I Know.

As a caregiver to a child with intense and profound special needs, I know that my voice is relevant in this space because of my experiences.

I know that I sigh deeply when people who have no experience with autism offer suggestions on behavior modification.

I know that I want to throttle well meaning folks when they say to “hire help” when there is very little help to be hired or the available help comes at a hefty price tag that a family of ten can not easily afford.

I know that I want to scream when people suggest that we “take him with us – he’ll be fine” knowing he won’t be fine and will instead holler “ALL DONE!” until we agree to leave.

I know that it broke my heart as we tried different medications to thwart the aggressive behavior that resulted after the abrupt ending to Luke’s school year.

I know that it drives me bonkers when my experience with Luke is compared to raising a toddler. No, it’s not the same. A two year old kicking and screaming – kind of cute. A fifteen year old violently thrashing and screaming, not so cute.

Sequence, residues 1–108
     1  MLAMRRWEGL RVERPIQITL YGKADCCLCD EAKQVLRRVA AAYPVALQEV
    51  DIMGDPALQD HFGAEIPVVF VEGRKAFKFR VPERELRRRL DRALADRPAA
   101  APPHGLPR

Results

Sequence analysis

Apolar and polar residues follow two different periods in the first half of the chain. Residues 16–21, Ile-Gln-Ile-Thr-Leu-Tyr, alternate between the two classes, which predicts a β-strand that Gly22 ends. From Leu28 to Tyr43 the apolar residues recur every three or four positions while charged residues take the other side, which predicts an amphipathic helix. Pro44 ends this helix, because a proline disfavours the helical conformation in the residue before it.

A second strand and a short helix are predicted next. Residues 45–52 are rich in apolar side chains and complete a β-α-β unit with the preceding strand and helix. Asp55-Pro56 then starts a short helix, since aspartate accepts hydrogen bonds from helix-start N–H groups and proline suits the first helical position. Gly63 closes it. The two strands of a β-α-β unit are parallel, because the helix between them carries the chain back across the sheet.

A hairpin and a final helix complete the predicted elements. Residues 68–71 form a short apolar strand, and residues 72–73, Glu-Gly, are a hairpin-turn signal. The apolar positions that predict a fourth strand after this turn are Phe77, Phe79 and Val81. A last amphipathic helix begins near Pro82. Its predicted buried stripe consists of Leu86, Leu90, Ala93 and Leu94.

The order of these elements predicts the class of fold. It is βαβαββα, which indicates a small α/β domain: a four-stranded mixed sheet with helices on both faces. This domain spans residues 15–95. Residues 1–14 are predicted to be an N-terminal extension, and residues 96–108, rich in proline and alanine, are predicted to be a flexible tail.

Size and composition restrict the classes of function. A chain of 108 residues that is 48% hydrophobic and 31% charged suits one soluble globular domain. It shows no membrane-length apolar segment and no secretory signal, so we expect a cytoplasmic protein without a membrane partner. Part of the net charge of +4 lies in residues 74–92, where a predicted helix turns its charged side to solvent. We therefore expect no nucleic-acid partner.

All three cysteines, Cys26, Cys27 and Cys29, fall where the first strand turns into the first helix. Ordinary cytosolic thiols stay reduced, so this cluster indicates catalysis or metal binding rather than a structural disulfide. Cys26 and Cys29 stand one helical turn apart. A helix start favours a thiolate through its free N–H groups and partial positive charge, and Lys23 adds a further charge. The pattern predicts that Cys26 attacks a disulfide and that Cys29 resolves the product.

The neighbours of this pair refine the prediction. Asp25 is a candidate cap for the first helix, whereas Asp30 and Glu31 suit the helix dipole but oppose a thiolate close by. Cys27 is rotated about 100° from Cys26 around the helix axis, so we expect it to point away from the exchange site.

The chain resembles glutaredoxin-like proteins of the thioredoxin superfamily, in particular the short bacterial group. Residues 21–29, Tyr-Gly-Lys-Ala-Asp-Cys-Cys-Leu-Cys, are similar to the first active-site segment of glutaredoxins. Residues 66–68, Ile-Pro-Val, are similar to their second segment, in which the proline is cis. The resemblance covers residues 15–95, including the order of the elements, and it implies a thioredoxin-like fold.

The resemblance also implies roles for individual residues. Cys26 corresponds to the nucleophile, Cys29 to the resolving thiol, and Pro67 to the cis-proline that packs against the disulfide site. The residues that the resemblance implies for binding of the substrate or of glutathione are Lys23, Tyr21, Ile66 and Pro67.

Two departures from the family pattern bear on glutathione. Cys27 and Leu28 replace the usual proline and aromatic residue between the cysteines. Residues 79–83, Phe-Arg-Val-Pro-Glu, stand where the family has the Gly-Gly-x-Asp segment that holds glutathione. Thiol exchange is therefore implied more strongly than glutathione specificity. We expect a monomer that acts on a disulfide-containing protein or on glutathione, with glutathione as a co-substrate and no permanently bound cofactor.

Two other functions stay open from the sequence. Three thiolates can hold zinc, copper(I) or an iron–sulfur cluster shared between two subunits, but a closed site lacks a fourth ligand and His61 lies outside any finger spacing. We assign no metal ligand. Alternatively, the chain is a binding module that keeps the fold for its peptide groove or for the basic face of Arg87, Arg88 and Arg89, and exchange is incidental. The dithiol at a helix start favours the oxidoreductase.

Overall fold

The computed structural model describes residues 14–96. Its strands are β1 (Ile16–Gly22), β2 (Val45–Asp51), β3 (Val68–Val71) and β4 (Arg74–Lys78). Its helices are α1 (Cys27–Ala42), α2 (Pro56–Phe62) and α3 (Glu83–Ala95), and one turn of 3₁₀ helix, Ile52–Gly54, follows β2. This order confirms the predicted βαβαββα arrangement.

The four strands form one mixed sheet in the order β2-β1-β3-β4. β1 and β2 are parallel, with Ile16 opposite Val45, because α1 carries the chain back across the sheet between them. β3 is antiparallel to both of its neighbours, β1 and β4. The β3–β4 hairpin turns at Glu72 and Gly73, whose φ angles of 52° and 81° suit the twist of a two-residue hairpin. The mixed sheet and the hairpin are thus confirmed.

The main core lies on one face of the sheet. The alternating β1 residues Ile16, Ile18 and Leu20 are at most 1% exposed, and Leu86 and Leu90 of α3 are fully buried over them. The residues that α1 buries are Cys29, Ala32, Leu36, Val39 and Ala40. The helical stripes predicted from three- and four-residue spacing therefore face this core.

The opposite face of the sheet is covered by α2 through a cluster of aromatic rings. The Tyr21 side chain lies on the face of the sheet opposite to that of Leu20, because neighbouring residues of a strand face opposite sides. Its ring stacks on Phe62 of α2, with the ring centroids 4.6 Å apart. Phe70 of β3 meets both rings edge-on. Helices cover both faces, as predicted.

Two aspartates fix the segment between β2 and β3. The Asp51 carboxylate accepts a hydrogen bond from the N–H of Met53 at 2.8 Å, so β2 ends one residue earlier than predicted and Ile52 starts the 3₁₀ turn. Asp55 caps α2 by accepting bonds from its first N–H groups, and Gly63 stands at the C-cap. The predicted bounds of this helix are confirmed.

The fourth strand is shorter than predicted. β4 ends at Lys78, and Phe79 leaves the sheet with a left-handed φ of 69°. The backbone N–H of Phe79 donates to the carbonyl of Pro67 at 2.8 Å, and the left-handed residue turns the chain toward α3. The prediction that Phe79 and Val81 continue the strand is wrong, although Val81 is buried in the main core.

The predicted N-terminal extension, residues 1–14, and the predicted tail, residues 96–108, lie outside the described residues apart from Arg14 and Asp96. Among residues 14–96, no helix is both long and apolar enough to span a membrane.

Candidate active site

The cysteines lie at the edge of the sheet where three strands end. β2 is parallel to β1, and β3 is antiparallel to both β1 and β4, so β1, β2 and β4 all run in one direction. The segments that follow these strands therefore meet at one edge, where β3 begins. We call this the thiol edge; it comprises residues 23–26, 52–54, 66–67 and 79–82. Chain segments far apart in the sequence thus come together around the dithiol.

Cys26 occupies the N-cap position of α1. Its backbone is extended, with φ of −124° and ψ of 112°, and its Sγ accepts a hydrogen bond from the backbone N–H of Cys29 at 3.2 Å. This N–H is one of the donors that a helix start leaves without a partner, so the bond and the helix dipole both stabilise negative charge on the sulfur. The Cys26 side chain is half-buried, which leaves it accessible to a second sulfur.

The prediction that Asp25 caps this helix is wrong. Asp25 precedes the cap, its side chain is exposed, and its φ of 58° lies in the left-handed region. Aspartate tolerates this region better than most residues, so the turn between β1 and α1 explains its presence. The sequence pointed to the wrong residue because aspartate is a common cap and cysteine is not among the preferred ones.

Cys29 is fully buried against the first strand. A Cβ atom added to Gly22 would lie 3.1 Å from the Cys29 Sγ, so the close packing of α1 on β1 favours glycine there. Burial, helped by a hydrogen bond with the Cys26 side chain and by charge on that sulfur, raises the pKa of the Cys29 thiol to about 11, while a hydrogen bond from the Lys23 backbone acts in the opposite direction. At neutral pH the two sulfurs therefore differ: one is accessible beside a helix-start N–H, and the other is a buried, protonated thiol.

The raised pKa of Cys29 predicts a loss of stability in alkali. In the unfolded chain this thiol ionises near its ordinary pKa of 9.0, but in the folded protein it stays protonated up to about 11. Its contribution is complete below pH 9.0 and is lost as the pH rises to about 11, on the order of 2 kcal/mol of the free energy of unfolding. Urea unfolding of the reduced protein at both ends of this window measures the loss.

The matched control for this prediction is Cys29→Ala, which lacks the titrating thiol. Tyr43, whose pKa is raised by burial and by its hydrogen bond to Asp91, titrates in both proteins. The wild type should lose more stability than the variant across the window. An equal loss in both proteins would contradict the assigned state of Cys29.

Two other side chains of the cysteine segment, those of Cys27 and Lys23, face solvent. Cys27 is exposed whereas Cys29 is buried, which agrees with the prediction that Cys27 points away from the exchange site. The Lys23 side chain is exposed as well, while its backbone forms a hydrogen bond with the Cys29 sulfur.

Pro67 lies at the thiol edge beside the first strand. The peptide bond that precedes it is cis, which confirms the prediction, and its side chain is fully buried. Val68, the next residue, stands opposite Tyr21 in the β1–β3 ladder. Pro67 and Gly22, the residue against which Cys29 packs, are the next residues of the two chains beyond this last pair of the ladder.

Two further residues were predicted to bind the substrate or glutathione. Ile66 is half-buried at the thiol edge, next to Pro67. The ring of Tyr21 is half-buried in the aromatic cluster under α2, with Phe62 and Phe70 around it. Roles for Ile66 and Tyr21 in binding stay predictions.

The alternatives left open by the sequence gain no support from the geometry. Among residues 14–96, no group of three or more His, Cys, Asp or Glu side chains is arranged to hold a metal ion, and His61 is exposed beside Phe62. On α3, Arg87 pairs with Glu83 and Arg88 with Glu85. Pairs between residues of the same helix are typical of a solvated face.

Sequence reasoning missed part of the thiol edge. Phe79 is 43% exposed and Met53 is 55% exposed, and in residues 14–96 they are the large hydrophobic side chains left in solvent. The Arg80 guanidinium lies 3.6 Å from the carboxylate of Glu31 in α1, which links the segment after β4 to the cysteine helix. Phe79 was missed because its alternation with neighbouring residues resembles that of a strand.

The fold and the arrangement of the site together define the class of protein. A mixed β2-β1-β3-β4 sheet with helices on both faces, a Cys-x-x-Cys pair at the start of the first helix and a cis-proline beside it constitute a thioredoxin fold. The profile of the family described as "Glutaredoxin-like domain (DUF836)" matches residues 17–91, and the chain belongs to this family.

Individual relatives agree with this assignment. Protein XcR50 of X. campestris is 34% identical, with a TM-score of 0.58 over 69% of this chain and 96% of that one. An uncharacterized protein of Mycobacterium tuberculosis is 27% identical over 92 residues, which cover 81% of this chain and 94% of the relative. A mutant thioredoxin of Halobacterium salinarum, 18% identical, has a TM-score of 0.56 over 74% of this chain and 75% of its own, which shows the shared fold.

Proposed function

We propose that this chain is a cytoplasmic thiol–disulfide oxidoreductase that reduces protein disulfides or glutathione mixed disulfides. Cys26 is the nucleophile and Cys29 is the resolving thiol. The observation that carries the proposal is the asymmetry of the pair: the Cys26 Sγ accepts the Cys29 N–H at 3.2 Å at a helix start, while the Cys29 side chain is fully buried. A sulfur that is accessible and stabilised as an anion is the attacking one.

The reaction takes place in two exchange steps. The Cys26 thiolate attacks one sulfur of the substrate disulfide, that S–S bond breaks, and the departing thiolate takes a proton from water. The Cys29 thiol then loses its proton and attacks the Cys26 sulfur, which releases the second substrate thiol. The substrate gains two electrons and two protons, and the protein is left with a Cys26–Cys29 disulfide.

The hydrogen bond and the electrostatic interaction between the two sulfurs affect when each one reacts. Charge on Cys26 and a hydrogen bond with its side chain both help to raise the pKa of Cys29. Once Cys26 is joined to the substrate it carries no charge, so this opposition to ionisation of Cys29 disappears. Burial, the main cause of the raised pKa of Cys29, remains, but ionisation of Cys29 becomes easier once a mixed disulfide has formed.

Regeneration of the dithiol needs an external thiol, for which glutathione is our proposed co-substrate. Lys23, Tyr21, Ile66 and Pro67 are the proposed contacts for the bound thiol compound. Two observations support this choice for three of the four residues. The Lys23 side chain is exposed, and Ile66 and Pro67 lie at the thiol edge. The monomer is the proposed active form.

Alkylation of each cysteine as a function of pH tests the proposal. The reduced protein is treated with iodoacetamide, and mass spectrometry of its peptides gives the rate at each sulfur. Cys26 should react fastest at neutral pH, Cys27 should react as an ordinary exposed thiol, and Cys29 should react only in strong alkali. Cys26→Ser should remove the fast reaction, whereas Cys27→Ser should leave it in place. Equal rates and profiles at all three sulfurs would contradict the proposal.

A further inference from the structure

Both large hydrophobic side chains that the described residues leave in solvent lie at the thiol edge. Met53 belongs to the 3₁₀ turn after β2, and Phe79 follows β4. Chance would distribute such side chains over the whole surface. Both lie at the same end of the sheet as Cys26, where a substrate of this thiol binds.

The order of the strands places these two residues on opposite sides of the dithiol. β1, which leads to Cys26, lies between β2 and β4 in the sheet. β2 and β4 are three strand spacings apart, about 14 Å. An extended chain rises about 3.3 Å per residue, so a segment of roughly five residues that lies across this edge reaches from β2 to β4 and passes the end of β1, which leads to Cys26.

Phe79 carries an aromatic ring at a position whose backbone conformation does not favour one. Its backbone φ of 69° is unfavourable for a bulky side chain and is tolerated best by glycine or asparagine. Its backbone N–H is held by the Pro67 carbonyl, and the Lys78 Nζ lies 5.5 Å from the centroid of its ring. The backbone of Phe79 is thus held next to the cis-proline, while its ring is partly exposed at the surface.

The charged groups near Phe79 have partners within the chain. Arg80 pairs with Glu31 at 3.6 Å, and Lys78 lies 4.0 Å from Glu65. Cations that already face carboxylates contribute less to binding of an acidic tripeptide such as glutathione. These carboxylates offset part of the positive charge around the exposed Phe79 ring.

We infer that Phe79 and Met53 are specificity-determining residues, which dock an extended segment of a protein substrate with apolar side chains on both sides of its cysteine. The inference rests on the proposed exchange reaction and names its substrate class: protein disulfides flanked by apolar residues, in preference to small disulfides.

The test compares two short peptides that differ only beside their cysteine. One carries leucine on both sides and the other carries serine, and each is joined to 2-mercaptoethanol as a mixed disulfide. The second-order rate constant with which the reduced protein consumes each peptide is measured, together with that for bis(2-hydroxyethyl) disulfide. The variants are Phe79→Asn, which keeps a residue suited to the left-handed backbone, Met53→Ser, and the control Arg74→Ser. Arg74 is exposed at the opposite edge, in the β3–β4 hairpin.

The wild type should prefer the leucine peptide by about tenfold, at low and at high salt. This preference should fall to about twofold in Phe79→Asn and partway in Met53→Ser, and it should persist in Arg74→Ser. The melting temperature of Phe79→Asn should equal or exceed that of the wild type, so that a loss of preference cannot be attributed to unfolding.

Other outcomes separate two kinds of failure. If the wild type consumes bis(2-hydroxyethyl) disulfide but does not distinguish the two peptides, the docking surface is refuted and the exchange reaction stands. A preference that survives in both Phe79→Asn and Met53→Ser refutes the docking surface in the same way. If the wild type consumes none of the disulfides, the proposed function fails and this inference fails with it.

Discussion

I know that my heart often races as passive guilt is heaped upon my already heavy shoulders when we decline an invitation because of finances or weariness or just plain lack of giddy up.

I know that the gossip whispered about time spent away from my children – frequent getaways in order to be a somewhat sane mother who is able to do this exhausting endeavor day after day, hurts.

I know that I could weep every time I think about Luke’s future, my future, – fearful of what opportunities or resources await or don’t await us after 18.

I know what it’s like to be a caregiver of a teenage son with profound and complex and difficult needs. I know that my voice matters. My vulnerability matters. My experience matters as I speak into this space.

I hope and pray that my voice will be a part of many voices that will create change that is desperately needed in America.

However –

I do not know what it’s like to be black and so I will quiet my voice, quiet my judgmental thoughts, quiet my preconceived ideas and opinions, and I will listen. I will listen to the voices of wisdom who can teach me. I will listen to their experiences and their stories, and I will learn.

This is know.

To learn more about how you can help caregivers please visit www.thelucasproject.org

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